SACRAMENTO – The California Department of Food and Agriculture, in conjunction with an advisory group that includes the livestock industry, is unveiling a new mad cow disease prevention plan for California.
Although the U.S. has never had a case of mad cow disease, or Bovine Spongiform Encephalopathy (BSE), recent detection of a case in Alberta, Canada triggered a review of California’s preventive steps. As a result, several new safeguards are being introduced.
“Just one cow with BSE in Canada caused more than a billion dollars in losses to the cattle industry there, so we need to make sure we take the best steps possible to keep the disease out of California and the U.S.,” said CDFA Secretary William (Bill) J. Lyons, Jr. “The advisory group was able to find ways to make an excellent program even better. Consumers and agriculture will benefit from this effort.”
The primary risk of BSE introduction is through ruminant animal feeds containing proteins from other ruminants. Cattle, goats, sheep and similar animals are ruminants.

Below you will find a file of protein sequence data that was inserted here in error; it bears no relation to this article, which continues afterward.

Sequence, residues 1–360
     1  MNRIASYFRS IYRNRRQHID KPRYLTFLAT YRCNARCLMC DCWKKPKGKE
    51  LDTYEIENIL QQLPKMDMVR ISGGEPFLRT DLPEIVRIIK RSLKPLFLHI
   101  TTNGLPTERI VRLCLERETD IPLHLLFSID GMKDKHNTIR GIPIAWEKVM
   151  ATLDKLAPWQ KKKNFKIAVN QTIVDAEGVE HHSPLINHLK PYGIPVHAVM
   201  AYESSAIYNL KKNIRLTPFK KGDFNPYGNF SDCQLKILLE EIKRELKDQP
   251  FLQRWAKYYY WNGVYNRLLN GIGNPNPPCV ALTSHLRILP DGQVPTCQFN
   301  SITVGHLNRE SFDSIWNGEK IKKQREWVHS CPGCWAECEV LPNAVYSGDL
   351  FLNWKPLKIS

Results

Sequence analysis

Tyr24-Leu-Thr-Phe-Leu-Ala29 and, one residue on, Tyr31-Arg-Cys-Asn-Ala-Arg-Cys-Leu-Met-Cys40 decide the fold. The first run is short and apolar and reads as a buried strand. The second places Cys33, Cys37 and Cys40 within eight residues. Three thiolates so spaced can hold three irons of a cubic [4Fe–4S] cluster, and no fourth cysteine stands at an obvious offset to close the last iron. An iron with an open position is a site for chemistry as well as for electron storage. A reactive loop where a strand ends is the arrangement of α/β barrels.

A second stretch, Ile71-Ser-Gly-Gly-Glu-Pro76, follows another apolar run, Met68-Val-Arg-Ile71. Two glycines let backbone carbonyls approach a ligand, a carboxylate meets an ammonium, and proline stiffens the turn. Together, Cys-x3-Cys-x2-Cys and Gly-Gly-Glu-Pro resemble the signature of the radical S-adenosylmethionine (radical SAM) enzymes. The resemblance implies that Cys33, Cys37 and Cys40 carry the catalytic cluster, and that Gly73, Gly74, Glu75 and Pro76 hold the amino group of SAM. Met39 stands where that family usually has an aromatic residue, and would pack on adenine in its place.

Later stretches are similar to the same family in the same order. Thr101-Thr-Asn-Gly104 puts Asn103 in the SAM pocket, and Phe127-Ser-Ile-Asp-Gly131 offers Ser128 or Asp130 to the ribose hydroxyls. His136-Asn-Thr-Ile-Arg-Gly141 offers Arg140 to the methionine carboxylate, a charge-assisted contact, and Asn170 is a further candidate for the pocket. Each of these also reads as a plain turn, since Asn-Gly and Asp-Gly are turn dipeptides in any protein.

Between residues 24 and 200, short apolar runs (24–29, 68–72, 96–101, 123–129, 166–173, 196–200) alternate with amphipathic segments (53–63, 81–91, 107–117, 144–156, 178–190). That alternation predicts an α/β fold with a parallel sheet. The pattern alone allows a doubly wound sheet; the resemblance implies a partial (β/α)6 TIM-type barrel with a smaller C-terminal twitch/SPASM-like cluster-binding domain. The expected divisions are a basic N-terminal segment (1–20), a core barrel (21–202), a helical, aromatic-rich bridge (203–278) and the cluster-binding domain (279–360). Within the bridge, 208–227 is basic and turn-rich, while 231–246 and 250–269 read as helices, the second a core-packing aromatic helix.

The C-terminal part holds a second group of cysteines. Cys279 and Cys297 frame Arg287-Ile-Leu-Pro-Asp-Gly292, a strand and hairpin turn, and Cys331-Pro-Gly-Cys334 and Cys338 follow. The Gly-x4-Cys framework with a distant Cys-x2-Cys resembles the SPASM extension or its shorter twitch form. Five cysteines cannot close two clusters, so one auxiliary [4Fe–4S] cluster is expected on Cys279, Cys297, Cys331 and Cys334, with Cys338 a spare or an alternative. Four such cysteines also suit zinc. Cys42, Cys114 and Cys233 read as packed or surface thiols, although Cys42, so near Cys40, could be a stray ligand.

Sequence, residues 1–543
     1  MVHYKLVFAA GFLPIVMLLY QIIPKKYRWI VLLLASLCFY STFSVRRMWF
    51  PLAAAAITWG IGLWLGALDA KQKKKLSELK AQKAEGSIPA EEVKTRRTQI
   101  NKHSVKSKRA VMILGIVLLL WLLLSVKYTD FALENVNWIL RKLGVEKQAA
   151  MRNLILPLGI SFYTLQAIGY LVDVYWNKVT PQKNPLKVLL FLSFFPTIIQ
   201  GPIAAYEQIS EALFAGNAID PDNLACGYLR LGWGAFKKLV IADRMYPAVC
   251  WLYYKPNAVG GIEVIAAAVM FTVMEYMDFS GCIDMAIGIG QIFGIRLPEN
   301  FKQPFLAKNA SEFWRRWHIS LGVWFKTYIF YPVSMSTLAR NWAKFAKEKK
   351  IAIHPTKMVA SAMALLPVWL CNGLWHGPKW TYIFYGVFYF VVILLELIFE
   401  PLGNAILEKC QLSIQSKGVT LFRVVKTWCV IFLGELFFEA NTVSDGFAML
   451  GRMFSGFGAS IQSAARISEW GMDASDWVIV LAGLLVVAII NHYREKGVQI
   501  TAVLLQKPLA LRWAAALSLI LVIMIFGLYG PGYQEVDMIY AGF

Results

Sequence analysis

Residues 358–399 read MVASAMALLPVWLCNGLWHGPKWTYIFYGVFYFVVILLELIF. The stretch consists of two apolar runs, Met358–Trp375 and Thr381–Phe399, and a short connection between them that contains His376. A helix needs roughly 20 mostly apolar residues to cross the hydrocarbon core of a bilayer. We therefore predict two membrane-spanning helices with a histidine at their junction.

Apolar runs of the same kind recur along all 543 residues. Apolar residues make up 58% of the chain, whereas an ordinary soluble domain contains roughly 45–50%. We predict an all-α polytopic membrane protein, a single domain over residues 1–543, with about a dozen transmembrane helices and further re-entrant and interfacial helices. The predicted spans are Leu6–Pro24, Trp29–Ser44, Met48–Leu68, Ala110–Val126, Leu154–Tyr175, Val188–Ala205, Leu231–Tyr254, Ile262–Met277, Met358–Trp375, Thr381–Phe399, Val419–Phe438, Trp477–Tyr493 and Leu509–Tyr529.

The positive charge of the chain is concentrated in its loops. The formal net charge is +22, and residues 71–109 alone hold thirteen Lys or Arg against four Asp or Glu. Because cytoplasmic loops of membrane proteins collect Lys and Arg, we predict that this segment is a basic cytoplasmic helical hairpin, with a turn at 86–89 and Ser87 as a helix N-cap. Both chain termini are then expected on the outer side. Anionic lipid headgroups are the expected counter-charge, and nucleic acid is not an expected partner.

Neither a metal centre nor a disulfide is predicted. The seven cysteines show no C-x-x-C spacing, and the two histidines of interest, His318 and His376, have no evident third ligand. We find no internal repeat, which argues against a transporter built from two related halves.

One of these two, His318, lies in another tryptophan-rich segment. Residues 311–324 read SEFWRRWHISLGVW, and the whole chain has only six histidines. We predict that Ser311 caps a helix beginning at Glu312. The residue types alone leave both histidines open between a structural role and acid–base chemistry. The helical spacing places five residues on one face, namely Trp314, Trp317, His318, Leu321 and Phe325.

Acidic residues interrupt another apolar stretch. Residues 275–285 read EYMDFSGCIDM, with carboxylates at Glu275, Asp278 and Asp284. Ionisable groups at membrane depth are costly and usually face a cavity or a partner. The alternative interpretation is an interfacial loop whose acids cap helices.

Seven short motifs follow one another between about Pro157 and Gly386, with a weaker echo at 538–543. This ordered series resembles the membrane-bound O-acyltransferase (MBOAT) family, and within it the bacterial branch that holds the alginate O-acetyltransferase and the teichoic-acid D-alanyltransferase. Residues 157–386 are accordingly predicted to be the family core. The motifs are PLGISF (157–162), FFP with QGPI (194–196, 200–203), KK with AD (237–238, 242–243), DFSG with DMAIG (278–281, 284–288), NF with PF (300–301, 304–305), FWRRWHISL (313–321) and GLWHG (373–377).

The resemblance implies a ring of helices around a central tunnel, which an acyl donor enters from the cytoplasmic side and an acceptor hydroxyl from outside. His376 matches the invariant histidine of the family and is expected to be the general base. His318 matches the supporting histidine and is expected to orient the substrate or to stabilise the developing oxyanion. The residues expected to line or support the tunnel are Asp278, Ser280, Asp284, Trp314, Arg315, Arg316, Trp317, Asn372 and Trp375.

The new measures include a 200 percent increase in ruminant feed testing, and a new, more sensitive lab analysis technique that allows for a tenfold increase in testing capacity. In addition, there will be increased inspections of all licensed feed manufacturer and mixers, and on other facilities that handle certain kinds of feeds.
“The measuring stick for continued prevention is straightforward,” said Secretary Lyons. “If ruminant animals do not eat infected protein, we will stop the threat of BSE. These new measures signal that we remain on the right track.”
California Department of Food and Agriculture Office of Public Affairs
1220 N St., Ste. 214, Sacramento, CA 95814